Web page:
As Rwanda Bans Bleaching Cream, Liberia Erects Billboards to Promote Bleaching Products
MONROVIA – The government of Rwanda recently took a bold step in banning skin bleaching products. That country’s government described it as “unhealthy.” According to reports from Rwanda, the action was taken in November 2018 after the President, Mr. Paul Kagame, out-rightly condemned the use of the products. He urged the Rwandan Ministry of Health to take actions. There are also reports that the police force is currently patrolling markets in provinces across the nation and seizing skin-lightening and bleaching products from vendors.
Report by Mae Azango, [email protected]
While Rwanda has taken this bold step, Liberia is doing the opposite. This West African nation is allowing vendors to erect huge billboards advertising bleaching products in and around Monrovia.
One of such products being advertised is Clinic Clear. The advertisement is scripted with promotional messages: “A healthy skin needs an expert.” This product, which is said to be produced in Togo, has taken over many cosmetics stores in the country and is sold alongside other skin lighting creams including B.B. Clear, Caro-tone, Bronz-tone, White Secret, Golden Glow and Bio Clear.
Pretending to be a wholesaler, our reporter, who visited one of the stores downtown Monrovia, noticed various types of bleaching products on exhibition on the shelves, with the prices written below each item. A big bottle of Clinic Clear, was being sold at L$800 and the medium size bottle was sold at L$500, while the small bottle and its liquid soap were sold at L$350. Another product called B.B. Clear was sold at L$1060, medium size sold at L$800 while the small bottle was being sold at L$500.
“Girls can really buy Clinic Clear and B.B. Clear. Those two products cannot stay long on the shelves. Sister, if you want to sell and make your money, buy Clinic Clear, BB Clear, Bronz Clear and Caro-tone,” the vender said.
Bleaching in Liberia has become a norm that many people, mainly females are using the products to “tone their dark or chocolate skin light.”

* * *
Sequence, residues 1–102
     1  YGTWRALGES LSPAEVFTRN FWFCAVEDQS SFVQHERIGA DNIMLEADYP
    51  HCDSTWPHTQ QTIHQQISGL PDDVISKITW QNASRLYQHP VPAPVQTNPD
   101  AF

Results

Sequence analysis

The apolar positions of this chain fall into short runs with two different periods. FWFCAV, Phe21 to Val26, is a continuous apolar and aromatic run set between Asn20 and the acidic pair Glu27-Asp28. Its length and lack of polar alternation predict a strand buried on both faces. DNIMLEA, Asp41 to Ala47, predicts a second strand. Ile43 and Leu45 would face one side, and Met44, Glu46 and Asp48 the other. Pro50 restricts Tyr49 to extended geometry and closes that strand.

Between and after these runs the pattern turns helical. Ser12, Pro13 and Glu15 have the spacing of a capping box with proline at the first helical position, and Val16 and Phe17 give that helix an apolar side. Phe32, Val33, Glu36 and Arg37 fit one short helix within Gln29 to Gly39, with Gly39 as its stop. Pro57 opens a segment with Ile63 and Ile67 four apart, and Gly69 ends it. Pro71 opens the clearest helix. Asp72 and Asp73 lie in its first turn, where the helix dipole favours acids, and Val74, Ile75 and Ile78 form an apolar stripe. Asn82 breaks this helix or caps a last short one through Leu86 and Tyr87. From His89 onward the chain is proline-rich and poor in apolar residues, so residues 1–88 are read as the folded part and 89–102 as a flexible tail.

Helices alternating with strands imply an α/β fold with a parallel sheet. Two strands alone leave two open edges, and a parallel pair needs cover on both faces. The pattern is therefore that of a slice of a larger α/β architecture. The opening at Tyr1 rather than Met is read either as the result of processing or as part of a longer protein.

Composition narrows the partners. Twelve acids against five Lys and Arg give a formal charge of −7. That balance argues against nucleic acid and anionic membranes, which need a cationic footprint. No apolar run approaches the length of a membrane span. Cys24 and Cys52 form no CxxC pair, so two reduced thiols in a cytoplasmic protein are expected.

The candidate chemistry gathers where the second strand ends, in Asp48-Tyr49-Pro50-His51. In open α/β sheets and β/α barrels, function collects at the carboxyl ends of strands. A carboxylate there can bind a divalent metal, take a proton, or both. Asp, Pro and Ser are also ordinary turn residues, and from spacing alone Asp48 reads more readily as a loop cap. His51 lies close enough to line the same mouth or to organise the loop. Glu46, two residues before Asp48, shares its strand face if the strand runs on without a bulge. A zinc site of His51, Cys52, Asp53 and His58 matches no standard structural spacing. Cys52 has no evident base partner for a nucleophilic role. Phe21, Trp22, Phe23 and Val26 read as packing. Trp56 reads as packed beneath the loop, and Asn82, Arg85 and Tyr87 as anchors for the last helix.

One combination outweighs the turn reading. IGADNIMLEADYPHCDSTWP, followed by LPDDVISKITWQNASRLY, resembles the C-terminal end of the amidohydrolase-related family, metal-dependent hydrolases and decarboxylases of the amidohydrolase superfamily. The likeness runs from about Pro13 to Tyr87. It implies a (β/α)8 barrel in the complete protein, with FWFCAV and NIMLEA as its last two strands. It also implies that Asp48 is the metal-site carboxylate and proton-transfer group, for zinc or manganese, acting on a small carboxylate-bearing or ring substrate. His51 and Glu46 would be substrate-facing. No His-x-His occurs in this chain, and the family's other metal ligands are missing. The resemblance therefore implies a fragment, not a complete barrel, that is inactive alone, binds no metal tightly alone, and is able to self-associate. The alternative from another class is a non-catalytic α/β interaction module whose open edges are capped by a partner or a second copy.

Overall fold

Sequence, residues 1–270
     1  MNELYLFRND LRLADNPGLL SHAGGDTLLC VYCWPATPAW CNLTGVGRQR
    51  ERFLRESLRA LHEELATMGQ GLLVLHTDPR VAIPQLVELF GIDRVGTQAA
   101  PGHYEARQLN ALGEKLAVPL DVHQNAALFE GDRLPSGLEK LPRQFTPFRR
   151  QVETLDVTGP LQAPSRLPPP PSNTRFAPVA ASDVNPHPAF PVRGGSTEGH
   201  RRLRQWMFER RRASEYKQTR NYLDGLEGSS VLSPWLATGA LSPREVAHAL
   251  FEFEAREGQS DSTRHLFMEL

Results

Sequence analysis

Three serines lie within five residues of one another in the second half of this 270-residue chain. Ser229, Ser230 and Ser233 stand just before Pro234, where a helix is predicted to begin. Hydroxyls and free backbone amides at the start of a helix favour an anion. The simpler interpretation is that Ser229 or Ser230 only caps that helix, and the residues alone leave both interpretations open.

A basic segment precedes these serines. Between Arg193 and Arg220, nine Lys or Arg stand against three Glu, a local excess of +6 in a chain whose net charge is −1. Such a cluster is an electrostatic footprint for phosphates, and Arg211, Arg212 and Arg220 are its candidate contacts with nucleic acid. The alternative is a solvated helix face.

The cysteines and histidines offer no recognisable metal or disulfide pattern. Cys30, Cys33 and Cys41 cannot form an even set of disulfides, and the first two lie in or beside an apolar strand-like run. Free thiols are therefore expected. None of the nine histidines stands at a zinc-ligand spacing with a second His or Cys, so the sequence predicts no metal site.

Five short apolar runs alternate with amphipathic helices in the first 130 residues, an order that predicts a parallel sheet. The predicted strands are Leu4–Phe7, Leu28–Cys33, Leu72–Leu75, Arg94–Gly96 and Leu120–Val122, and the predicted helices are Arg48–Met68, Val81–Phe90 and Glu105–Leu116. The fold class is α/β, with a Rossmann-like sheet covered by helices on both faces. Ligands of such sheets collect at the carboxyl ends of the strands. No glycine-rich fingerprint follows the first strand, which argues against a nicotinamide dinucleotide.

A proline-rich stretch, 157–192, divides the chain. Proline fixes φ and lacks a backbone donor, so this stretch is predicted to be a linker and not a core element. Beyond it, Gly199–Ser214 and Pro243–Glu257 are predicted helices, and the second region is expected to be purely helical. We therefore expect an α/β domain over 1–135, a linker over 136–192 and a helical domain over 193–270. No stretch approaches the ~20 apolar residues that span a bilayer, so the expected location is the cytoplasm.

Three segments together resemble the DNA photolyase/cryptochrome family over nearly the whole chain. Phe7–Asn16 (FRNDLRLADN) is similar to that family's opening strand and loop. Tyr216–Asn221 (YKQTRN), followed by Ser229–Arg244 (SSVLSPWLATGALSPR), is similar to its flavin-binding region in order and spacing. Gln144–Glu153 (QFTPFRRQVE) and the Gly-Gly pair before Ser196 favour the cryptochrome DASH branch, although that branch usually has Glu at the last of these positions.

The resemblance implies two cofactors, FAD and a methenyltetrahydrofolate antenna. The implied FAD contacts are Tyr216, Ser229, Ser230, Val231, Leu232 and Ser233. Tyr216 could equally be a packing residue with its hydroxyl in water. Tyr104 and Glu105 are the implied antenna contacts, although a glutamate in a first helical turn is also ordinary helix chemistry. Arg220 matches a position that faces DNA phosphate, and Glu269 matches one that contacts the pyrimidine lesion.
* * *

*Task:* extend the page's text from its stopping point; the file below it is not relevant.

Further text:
It is said by most of the women using these skin lighting products, that they (products) beautify their skins and make them appear attractive.
One of such persons a street vender, Bendu Sackie, not her real name. The first thing on observing Bendu, one would notice that her hands and feet are black and light complexion, while her face is light and her cheeks are dark purple. When FPA approached Bendu to buy an item, and asked if what she sold was responsible for her face color, she became ashamed to speak at first, but after few jokes to make her relax, she opened up.
“I used to admire one of my friends’ skin color so when I asked her what kind of cream she was using, she told me it was Bio Clear. So I went to the store and bought my own to start using so that my skin could be fine too. But I do not know why it is making my face to look like this,” said Bendu.
She is one of many young women and girls, who started bleaching because of peer or social pressure.
Another lady, Theresa Blamo, said bleaching comes about when a lady feels neglected in a community due to her dark skin. She narrated her personal experience as a refugee in Côte d’Ivoire. According to her, when she and other ladies arrived in neighboring Côte d’Ivoire as refugees, the Ivorian men chose all the light skin women and left them who were dark skin.
“For this reason, many of the other girls went and bought skin lightening creams and started bleaching so that they could be chosen later. I was not carried away by that. I maintained my dark skin which I still have today,” said Blamo.
What Bendu and others, who bleach do not know is that medical personnel have said skin bleaching is dangerous to the health and could cause skin cancer.
“The bleaching cream that contains the chemical hydroquinone is dangerous to the skin because it kills the skin pigmentation called melanin and does not allow the skin to regenerate. Continuous usage of this chemical affects the liver and other internal organs in the body,” said Jacob Payne, a Pharmacist at the Ministry of Health.
According to him, the clear example of the health complexity that most of these girls suffer begins with multiple-skin complexion, which comes as a result of “over usage of the bleaching creams containing hydroquinone.”
Pharmacist Payne stated that by an entire country banning skin lightening or bleaching creams, shows that they pose serious health risks and are dangerous.